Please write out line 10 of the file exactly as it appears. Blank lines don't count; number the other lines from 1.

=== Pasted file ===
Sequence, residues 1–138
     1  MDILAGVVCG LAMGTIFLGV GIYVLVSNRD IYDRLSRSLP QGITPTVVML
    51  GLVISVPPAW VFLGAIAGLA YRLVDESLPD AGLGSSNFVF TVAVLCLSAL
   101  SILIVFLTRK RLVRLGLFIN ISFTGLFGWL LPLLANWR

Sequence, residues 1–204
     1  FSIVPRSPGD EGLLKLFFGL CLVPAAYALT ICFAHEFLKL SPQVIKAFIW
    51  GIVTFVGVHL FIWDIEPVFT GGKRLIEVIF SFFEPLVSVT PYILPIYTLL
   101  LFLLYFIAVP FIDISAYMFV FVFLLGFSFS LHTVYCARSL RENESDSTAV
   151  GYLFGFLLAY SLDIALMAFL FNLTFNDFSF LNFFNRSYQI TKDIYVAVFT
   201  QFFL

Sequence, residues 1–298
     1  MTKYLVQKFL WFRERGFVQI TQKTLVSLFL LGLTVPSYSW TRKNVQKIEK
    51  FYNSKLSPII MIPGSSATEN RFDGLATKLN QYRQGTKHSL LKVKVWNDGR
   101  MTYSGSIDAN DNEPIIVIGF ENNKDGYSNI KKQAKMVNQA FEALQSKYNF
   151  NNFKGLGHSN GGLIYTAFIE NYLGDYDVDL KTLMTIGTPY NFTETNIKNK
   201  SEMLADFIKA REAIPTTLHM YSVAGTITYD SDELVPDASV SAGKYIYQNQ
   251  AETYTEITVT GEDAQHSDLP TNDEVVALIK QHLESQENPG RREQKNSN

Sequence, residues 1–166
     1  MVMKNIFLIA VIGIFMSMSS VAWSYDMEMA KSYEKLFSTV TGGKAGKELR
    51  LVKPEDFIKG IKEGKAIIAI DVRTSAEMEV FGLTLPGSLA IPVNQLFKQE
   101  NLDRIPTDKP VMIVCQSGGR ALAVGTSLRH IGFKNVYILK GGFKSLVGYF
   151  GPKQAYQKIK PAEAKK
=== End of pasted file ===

   201  QFFL